The European Union (EU) is implementing a new customs pre-arrival cargo information system called Import Control System, or ICS2.
ICS2 will allow the collection of data for all goods entering the EU before their arrival and permit
EU customs authorities to better identify high-risk consignments, intervene at the most appropriate point in the supply chain, and facilitate the cross-border clearance of legitimate trade.
This new system will impact goods entering the EU on all modes of transportation but will be released in three phases – 1) express consignment carriers and post, 2) air cargo, and 3) maritime, road and rail.
Release 2 will take effect from March 1. 2023, and new pre-loading data reporting for air cargo transported to or through the EU will be required. Some air carriers will require data as early as 31 December 2022, for testing and planning purposes.
How does ICS2 work?
Before departure, the air carrier or freight forwarder must submit pre-loading advance cargo Information data to EU Customs, where it is reviewed for possible security threats. In addition, a pre-arrival information data set, including the journey details, is also sent to ICS2. The pre-loading and pre-arrival messages are collectively referred to as the Entry Summary Declaration (ENS).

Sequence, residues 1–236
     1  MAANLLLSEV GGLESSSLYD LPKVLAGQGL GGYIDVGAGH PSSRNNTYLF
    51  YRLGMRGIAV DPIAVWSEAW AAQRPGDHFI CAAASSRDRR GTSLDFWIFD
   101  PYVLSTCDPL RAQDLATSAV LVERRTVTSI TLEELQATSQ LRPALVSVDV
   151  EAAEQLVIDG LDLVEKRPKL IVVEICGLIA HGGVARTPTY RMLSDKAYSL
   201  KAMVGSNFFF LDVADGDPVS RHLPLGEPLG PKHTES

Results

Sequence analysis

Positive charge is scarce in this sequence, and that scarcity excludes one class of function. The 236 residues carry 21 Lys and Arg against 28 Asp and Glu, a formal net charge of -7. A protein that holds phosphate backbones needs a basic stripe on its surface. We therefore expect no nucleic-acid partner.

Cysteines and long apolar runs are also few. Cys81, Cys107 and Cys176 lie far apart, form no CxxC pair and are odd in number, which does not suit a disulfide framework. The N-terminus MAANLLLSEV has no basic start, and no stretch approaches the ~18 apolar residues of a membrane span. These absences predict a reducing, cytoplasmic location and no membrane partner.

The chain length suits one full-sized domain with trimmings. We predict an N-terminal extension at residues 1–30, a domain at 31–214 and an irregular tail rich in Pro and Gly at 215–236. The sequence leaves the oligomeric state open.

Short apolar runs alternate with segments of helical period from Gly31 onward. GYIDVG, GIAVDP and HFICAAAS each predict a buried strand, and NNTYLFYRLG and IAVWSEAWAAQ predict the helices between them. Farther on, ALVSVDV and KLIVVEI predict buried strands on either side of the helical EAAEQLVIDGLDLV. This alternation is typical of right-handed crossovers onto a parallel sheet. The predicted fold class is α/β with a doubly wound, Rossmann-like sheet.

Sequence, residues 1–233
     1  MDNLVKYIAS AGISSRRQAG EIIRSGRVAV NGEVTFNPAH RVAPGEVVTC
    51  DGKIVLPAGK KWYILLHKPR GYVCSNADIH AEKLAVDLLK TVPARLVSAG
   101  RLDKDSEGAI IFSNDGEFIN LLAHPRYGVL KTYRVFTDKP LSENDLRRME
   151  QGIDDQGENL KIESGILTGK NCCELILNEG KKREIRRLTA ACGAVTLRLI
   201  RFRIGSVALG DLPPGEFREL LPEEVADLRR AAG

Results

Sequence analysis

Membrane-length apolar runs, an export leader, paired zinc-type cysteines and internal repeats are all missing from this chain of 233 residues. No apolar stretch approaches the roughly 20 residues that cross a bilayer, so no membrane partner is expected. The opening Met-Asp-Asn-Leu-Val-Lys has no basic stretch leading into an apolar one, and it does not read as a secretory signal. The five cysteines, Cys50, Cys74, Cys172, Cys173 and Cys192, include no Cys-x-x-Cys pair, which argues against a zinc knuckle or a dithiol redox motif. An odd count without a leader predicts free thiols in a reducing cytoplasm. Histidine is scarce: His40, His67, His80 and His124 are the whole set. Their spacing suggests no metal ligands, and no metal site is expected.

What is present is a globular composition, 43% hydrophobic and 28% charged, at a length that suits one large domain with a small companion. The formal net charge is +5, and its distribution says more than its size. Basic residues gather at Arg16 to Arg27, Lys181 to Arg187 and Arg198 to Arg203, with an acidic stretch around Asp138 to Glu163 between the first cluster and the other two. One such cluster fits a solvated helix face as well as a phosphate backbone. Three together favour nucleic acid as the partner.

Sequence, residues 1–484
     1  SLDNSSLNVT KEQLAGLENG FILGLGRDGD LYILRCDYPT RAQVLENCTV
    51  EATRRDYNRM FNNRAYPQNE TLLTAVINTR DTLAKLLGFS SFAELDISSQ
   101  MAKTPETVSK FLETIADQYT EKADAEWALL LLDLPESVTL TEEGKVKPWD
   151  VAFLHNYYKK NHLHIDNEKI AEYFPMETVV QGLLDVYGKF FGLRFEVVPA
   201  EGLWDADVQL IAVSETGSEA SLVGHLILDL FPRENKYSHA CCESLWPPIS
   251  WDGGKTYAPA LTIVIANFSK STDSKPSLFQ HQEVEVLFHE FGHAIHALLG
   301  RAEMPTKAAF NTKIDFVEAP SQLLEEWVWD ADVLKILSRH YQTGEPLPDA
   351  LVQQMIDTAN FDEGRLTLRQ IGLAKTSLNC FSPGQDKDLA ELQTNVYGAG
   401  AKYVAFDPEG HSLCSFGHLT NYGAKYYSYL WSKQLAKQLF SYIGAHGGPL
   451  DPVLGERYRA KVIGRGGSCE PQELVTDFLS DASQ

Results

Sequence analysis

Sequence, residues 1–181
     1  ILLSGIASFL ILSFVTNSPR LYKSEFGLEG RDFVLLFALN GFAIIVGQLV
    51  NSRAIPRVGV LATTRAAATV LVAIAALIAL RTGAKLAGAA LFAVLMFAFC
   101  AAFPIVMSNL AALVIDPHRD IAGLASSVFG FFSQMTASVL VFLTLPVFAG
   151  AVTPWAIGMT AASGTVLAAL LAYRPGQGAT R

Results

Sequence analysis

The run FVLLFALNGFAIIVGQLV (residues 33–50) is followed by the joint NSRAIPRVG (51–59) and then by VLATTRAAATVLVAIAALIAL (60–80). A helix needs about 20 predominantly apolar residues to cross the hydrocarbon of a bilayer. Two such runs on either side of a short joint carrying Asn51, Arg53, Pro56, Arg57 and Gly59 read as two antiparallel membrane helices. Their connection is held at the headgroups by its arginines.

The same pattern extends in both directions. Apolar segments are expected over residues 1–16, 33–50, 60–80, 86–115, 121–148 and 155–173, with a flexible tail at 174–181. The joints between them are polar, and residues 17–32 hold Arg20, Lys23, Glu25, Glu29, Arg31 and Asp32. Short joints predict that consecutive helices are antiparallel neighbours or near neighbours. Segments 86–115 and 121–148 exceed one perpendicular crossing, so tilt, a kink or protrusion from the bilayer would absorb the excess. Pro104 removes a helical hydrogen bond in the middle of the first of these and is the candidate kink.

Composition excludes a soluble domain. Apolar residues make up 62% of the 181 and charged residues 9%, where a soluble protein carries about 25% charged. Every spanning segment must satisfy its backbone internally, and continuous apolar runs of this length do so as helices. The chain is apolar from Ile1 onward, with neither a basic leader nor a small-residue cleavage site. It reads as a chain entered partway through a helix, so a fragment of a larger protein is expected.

The EU authorities will require the pre-loading (PLACI) standard “7+1” house airwaybill data with some noted variations as follows:
- Shipper Name
- Shipper Address
- Consignee Name* (including EORI number for cargo staying in Europe)
- Consignee Address
- Cargo Description* (including 6-digit HS codes)
- Total Quantity
- Total Weight
1. Air Waybill Number
*The EU has specified that their data set will also require the EU consignee’s Economic Operators’ Registration and Identification number (EORI) for cargo staying in the EU and the six-digit HS codes for the commodities moving in the consignment.
The EU Customs then analyses the data and returns an actionable status:
- Approved to load
- Request for information
- Request for Screening
- Do not load
How can you get ready?
Start taking steps to ensure that accurate data is being provided to your logistics providers.
Inaccurate data or non-compliance with these requirements may result in financial penalties, cargo being stopped at the border, no customs clearance, rejection of poor quality ENS declarations, and cargo delays.